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Judge Backs Discipline of Students Who Posted or 'Liked' Online Racial Taunts

A federal district judge has upheld the expulsion of a California high school student who created an Instagram account that targeted African-American students and school staff members with racist and derogatory comments, including the use of images of nooses, Ku Klux Klan hoods, and comparisons of the black students to gorillas.

Judge James Donato of U.S. District Court in San Francisco also upheld suspensions of five students who "liked" or otherwise expressed approval of the racist posts. But the judge threw out the suspensions of four other students who had merely followed the account or commented on posts that didn't target specific individuals. He also threw out the suspension of a student who had merely read some of the offensive posts.

The judge held that the Instagram account created off-campus by a student identified as C.E. had indisputably caused a disruption at Albany High School in northern California in the 2016-17 school year. He analyzed the facts under both a "nexus" test and a "reasonable foreseeability" test to determine that the Instagram account caused a substantial disruption at Albany High.

"The followers were mainly AHS students, and the posts featured 10 different AHS students as well as school personnel," Donato wrote. "Some of the most offensive posts—for instance, the image of nooses drawn around the necks of an African-American student and an African-American basketball coach—depicted school activities and were clearly taken on campus, even if not posted to Instagram from campus."

An Albany High student who was a follower of the private Instagram account showed some of the images to two of the targeted female students, and word quickly spread around the school. 

"That the disruption fell short of a full-scale riot is also of no moment," the judge said, noting that under the U.S. Supreme Court's landmark 1969 student speech decision in Tinker v. Des Moines Independent Community School District, the disruption that allows school administrators to discipline student speech need not be "when the school is in flames or out of control."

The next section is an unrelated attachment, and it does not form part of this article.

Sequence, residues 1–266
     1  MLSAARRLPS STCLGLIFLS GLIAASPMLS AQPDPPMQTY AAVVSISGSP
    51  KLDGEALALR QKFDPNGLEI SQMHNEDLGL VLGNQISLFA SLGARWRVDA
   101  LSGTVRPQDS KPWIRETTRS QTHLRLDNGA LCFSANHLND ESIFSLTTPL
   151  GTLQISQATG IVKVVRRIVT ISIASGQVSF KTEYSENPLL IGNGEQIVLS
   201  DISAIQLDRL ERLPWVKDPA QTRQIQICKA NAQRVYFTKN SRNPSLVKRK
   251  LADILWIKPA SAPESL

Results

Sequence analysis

School officials brought in mental-health counselors and sponsored a "restorative justice" session for the disciplined students, which didn't go so well in the sense that those students received threats and some were subject to physical assault.

The disciplined students sued the Albany Unified School District and school officials on First Amendment grounds, arguing that the Instagram posts and responses were protected free speech.

The judge said his Nov. 29 decision in Shen v. Albany Unified School District was intended to resolve only the free speech issues and that some other issues remain to be resolved.

But the judge said schools have a responsibility to protect students not only from acts of violence or assault, but also harassment and bullying. 

Donato said that while even offensive social media posts have First Amendment protection outside school, "students have the right to be free of online posts that denigrate their race, ethnicity or physical appearance, or threaten violence. They have an equivalent right to enjoy an education in a civil, secure, and safe school environment."

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